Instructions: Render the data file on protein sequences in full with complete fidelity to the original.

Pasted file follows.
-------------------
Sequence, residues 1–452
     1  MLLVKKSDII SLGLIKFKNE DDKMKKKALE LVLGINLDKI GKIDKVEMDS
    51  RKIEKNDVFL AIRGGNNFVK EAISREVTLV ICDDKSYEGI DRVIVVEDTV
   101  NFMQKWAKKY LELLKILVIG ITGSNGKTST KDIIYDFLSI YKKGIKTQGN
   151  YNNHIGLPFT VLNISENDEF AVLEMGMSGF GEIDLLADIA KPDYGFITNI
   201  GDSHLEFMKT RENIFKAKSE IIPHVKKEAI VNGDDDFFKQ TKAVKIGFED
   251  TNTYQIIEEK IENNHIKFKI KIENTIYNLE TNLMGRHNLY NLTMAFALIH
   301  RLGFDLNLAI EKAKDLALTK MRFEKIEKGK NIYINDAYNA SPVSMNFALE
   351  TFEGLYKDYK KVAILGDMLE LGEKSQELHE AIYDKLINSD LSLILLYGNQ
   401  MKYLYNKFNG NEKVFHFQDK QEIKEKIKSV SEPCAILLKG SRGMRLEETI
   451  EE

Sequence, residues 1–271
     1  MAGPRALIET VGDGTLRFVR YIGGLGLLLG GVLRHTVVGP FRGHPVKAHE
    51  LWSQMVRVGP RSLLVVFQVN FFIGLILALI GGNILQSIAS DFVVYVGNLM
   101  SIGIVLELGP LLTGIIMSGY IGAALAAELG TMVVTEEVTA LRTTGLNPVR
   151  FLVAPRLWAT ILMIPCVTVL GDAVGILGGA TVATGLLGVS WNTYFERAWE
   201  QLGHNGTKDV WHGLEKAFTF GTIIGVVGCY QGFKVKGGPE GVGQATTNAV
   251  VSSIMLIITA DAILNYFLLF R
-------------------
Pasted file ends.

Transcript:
Sequence, residues 1–452
     1  MLLVKKSDII SLGLIKFKNE DDKMKKKALE LVLGINLDKI GKIDKVEMDS
    51  RKIEKNDVFL AIRGGNNFVK EAISREVTLV ICDDKSYEGI DRVIVVEDTV
   101  NFMQKWAKKY LELLKILVIG ITGSNGKTST KDIIYDFLSI YKKGIKTQGN
   151  YNNHIGLPFT VLNISENDEF AVLEMGMSGF GEIDLLADIA KPDYGFITNI
   201  GDSHLEFMKT RENIFKAKSE IIPHVKKEAI VNGDDDFFKQ TKAVKIGFED
   251  TNTYQIIEEK IENNHIKFKI KIENTIYNLE TNLMGRHNLY NLTMAFALIH
   301  RLGFDLNLAI EKAKDLALTK MRFEKIEKGK NIYINDAYNA SPVSMNFALE
   351  TFEGLYKDYK KVAILGDMLE LGEKSQELHE AIYDKLINSD LSLILLYGNQ
   401  MKYLYNKFNG NEKVFHFQDK QEIKEKIKSV SEPCAILLKG SRGMRLEETI
   451  EE

Sequence, residues 1–271
     1  MAGPRALIET VGDGTLRFVR YIGGLGLLLG GVLRHTVVGP FRGHPVKAHE
    51  LWSQMVRVGP RSLLVVFQVN FFIGLILALI GGNILQSIAS DFVVYVGNLM
   101  SIGIVLELGP LLTGIIMSGY IGAALAAELG TMVVTEEVTA LRTTGLNPVR
   151  FLVAPRLWAT ILMIPCVTVL GDAVGILGGA TVATGLLGVS WNTYFERAWE
   201  QLGHNGTKDV WHGLEKAFTF GTIIGVVGCY QGFKVKGGPE GVGQATTNAV
   251  VSSIMLIITA DAILNYFLLF R